Tuesday, 18 January 2011

DecAid – Honouring 10 Years In Afghanistan

I am uncertain of how much coverage this is getting in the press around the Isles but I feel I must give the boys and girls at DecAid a big shout.

DecAid is a national appeal set up to mark the tenth year of conflict in Afghanistan, raise awareness of the work and involvement of the Armed Forces in Afghanistan, remember those men and women who have lost their lives in Afghanistan and to raise as much money for three service charities that help ex-servicemen and their families.

I strongly believe in supporting our forces. I have had a strong connection with them since being in cadets as a youngster and have continued this through various organisations until rather recently. In addition a large percentage of my friends are employed by The Queen, of whom seven six (get well soon Tel!) are actively deployed on Forward Operating Bases in Afghanistan.

Most people can’t even imagine the hardships the guys out there are going through and every day dangers that they are exposed to. Who here would like to be eating boil and the bags every day for six months, never mind the ambush/IED threat, separation from family/friends, poor living conditions, heat, etc.

It’s an unenviable, unthankful job that should receive far greater attention from the media, for the positive stories as much attention as the negative. However we aren’t living in utopia and no one seems to want to hear about the positive impact the guys are having to work so hard out there to achieve.

Anyways, needless to say I support all the hard work the services charities do and feel DecAid warrants some support, as little as publishing it here will achieve.


Another reason for my interest in the appeal is a friends involvement, Tom O’Connell, who I went to university with. His involvement is enough for a a shout out, however it is the Munro Mission that he is helping lead that really piques my interest.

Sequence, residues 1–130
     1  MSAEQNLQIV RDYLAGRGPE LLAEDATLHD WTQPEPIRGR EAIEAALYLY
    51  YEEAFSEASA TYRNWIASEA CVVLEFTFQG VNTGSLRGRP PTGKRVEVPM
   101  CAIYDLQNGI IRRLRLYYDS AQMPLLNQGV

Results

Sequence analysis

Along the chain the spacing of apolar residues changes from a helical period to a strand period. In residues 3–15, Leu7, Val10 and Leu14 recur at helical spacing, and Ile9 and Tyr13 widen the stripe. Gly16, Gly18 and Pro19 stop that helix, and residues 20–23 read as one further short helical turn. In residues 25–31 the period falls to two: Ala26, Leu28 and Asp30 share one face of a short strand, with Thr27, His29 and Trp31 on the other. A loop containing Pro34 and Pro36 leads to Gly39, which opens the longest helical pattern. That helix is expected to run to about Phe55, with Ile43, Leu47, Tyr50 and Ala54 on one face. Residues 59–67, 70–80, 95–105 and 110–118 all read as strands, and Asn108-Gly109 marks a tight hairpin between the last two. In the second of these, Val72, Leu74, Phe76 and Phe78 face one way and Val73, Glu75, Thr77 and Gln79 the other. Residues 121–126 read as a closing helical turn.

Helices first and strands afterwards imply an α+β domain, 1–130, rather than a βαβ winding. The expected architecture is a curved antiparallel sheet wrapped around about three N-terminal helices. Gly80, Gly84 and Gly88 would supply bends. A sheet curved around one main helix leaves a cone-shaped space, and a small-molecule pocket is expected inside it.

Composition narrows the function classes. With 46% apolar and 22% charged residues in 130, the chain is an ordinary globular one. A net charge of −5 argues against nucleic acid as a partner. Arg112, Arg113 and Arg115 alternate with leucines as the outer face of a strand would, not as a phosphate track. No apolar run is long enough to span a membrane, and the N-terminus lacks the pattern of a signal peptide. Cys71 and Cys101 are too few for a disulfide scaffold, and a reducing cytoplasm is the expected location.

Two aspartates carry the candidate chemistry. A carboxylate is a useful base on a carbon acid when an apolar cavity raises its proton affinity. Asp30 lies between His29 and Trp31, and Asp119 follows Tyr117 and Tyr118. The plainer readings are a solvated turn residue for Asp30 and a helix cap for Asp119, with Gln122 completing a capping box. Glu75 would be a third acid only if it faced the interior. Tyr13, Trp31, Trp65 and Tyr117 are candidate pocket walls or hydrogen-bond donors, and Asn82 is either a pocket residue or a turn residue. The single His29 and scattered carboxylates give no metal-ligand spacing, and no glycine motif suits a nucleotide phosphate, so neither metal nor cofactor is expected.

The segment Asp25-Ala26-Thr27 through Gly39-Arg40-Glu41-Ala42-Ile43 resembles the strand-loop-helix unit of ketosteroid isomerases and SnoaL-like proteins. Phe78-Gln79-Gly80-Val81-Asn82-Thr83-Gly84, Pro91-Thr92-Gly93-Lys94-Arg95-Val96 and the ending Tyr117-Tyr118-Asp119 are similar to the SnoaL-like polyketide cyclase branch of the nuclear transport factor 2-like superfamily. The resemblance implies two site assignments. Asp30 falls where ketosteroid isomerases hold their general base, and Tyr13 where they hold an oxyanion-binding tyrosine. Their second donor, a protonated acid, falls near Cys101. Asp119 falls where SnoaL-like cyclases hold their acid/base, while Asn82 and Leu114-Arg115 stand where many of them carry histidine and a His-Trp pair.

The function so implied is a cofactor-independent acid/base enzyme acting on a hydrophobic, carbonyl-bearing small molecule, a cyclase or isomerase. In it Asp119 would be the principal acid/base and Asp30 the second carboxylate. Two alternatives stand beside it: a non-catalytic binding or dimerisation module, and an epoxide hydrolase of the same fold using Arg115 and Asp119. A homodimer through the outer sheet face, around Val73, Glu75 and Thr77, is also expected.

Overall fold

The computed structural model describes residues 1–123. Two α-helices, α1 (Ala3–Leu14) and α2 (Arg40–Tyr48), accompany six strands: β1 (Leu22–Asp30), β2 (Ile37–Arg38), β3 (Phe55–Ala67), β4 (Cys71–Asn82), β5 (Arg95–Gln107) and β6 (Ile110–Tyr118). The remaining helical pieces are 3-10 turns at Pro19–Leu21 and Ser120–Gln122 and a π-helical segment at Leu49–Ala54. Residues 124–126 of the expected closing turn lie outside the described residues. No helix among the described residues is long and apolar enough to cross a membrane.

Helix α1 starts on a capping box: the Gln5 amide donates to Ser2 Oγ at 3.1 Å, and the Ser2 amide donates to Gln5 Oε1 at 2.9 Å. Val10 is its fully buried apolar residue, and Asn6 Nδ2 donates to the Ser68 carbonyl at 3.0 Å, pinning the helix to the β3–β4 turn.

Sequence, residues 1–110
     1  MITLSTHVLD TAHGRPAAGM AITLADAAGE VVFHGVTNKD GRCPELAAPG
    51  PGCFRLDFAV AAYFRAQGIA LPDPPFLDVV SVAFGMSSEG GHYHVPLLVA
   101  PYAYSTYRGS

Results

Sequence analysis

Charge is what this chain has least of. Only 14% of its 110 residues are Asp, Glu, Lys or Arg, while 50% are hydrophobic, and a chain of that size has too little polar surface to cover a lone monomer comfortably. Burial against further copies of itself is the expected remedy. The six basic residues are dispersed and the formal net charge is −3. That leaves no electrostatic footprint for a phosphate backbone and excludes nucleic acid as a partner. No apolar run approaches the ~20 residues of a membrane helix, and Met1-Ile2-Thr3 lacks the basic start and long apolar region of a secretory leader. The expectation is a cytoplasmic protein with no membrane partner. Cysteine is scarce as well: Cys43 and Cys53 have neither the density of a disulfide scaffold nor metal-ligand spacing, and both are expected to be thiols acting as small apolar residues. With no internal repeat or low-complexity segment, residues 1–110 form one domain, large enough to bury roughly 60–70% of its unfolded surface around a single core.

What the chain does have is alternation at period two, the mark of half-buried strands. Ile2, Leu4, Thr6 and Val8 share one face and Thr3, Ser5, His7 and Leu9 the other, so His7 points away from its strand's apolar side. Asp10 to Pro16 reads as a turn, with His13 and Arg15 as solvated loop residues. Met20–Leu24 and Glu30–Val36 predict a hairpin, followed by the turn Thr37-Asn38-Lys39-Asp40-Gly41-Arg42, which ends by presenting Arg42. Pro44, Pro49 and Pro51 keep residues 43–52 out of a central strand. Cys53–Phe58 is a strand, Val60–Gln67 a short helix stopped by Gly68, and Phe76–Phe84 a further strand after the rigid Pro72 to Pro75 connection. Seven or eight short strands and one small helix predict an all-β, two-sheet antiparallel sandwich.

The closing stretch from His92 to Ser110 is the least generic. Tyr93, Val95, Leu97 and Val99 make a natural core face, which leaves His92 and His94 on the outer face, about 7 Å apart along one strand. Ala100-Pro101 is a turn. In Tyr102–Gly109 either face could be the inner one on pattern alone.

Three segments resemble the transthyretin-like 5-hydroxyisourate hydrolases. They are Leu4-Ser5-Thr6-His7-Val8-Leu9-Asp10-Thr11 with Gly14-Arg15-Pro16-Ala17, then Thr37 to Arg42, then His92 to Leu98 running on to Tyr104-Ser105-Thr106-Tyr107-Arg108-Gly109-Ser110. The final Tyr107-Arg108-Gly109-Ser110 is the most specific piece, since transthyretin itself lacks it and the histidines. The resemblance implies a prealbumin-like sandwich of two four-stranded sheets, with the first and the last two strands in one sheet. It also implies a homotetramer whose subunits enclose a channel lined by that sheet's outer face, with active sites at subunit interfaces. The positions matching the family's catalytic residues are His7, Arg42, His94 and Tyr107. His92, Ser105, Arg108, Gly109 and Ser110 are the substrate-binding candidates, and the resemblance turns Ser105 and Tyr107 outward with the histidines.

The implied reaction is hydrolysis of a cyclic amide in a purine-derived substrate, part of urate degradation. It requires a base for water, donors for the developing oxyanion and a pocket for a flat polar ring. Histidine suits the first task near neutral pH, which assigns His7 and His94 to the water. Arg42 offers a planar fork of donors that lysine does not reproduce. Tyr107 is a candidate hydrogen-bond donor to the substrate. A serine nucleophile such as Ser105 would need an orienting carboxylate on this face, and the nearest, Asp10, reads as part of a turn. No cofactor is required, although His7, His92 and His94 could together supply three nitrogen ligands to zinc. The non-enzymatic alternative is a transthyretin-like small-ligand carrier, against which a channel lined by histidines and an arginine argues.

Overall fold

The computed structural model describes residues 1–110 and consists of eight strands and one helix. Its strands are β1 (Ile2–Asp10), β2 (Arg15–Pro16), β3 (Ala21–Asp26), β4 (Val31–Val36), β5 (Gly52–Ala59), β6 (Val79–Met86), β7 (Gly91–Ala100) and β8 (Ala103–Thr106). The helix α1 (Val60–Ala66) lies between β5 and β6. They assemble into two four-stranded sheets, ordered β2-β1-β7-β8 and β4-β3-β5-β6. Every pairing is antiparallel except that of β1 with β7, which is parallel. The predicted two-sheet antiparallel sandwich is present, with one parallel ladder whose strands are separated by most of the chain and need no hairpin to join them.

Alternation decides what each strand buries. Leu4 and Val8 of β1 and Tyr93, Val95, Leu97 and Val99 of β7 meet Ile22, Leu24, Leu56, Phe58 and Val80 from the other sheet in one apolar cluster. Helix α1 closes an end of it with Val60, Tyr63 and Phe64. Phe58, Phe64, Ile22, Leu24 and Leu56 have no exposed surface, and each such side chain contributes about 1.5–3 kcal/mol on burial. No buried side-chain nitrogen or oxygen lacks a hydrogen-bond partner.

On 1st August 2011 the team will begin their challenge to summit all 283 Scottish Munros (mountain over 3,000ft) in under 50 days. However, there is more to their challenge than just ‘Munro Bagging’. The team will dedicate every Munro they climb to servicemen and women who have lost their lives in Afghanistan over the past 10 years.

If this task was not already tough enough, the team will complete it without the use of motorised transport. They will cover the 1600 miles using bicycles and kayaks but mainly on foot. This will require them to cover around 36 miles and summit 6 Munros every day for 49 consecutive days.

More than 1600 miles on foot, bike and kayak; over 61 miles of vertical ascent; 283 peaks and all in just 49 days. This is a superhuman endeavour, and on its own will hopefully raise plenty of money and national attention for the appeal.

Its an event I would relish to have the chance to get involved in, however I will settle with wishing Tom and the rest of his team the best of luck on their epic journey.

Please look over the DecAid webpage, think about getting involved and save a thought for the servicemen out in Afghanistan.

2 comment(s) so far, add your thoughts -->>here<<--:

The Weekend Dude said...

What a challenge - that is huge. It will certainly raise awareness for the guys out there however. Noone can thank them enough for what they are doing out there and they by no means get the recognition they should. Any raising of awareness is a good thing and this can't do anything but help the cause. Wow

Mac E said...

That is a serious challenge, hope they manage to hit the target. Agree with what you say, the armed forces in Afganistan have an extremely difficult and often thankless task and all too often make the ultimate sacrifice.

When we hear 'killed in action' on the news it sounds clinical and instant, chapter 11 in the book 'Task Force Helmand' by Doug Beattie MC tells the reality.

When the media reports a serviceman 'wounded' it sounds almost trivial, again the reality is far from trivial and the effects can and often are life changing beyond what we can even begin to comprehend.